“Research Questions Role Of Neuroscience In Leadership Studies”


We would question some of this but critical thinking is good.

Take Aways

  • “We find suggestions – that we are at the brink of a neuroscientific revolution in the study of leadership – premature, and a sole focus on neuroscience, at the expense of insights from other social science disciplines, dangerous.”
  • “…it is too simplistic to assume that through neuroscience we can identify ‘good’ leaders and rectify ‘bad’ leaders.

“Research Questions Role Of Neuroscience In Leadership Studies  29/04/2013 excerpted from The FINANCIAL

Research at the University of Liverpool questions the extent to which studies of the human brain are able to offer insights into what constitutes ‘good leadership’. Continue reading


“Genuine anger elicits concessions, but fake anger elicits demands.”


“Genuine anger elicits concessions, but fake anger elicits demands.”

“The findings show that individuals place particularly high demands, are relatively dissatisfied, and have relatively little interest in negotiating again with opponents who surface-act anger, because they have little trust in them,” the researchers conclude. “The same emotion—anger—has opposite consequences on negotiation processes and outcomes depending on … how authentic the display is perceived to be.”

“Cooperation” and Punishment May Be Just Selfish, Afterall


Take Away

The researchers found that participants:

  • strongly conditioned their punishment of their partners’ cheating
  • on their own vulnerability to continued bad treatment from their partner…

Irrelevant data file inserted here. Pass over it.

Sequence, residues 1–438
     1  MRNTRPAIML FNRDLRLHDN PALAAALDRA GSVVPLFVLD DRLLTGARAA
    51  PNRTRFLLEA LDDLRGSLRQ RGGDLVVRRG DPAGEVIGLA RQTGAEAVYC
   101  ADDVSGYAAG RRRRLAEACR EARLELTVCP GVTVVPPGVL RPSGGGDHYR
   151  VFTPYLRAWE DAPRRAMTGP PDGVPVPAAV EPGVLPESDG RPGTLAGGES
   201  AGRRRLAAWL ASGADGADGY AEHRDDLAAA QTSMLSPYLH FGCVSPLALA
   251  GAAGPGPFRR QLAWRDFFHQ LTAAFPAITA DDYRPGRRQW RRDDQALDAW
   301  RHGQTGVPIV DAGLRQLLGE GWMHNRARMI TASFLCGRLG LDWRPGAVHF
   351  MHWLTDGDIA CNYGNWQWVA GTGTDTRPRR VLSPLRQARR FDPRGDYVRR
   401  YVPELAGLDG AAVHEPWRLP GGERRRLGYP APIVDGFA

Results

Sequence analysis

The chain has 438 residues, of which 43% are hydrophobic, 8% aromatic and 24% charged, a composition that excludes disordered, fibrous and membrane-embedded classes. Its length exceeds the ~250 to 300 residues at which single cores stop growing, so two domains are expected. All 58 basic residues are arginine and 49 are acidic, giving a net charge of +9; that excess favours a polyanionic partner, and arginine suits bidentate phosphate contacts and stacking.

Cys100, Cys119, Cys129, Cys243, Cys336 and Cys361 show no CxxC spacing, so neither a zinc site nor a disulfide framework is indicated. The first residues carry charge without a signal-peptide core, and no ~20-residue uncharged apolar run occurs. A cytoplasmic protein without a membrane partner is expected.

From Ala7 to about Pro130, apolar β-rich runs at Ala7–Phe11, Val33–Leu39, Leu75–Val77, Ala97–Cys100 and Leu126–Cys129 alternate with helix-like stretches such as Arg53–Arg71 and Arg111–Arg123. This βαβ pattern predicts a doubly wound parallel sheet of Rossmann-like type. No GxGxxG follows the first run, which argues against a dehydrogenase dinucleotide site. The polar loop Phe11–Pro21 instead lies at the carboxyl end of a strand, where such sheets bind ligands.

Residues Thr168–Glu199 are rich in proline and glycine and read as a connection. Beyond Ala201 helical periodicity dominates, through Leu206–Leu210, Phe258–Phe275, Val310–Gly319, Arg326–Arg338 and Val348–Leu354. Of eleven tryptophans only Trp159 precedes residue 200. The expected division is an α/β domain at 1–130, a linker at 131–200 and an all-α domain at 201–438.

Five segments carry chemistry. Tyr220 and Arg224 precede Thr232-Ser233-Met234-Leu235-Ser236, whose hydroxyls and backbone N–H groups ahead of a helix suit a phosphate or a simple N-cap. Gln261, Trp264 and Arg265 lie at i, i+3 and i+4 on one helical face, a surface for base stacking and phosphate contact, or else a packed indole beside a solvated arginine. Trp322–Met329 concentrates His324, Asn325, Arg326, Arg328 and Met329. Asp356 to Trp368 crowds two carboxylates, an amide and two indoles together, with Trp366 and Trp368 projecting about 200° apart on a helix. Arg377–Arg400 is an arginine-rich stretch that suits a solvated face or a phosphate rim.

• people in these experiments systematically avoided expending effort to reform those who only posed a risk to others..

Evolutionary psychologists study the purpose of punishment and reputation by ScienceDaily (Sep. 26, 2012)

In an article published September 27 in the journal PLoS ONE, researchers at UC Santa Barbara’s Center for Evolutionary Psychology report new findings that may help settle the debate and provide answers to the behavioral puzzle. Continue reading

Group Punishment Yields Cooperation


How cooperation is maintained in human societies: Punishment, study suggests (excerpted)

  • by ScienceDaily (May 3, 2010)

The finding challenges previous cooperation/punishment models that argue punishment is uncoordinated and unconditional.

But it turns out that most members of large groups cooperate

  • cooperation is maintained by punishment
  • which reduces the benefits to free riding.
  • Thus, there is the threat of losing societal benefits if a member does not cooperate, which leads to increased group cooperation. Continue reading

Lies and Misinformation are Always the Easiest to Believe


This article is excerpted:

Take Aways –

  • “Ideology and personal world views can be major obstacles for changing false beliefs and efforts to retract misinformation can backfire and even amplify the erroneous belief
  • Misinformation is easy to accept if it fits in with a prior belief, researchers say, even when the information is known to be false“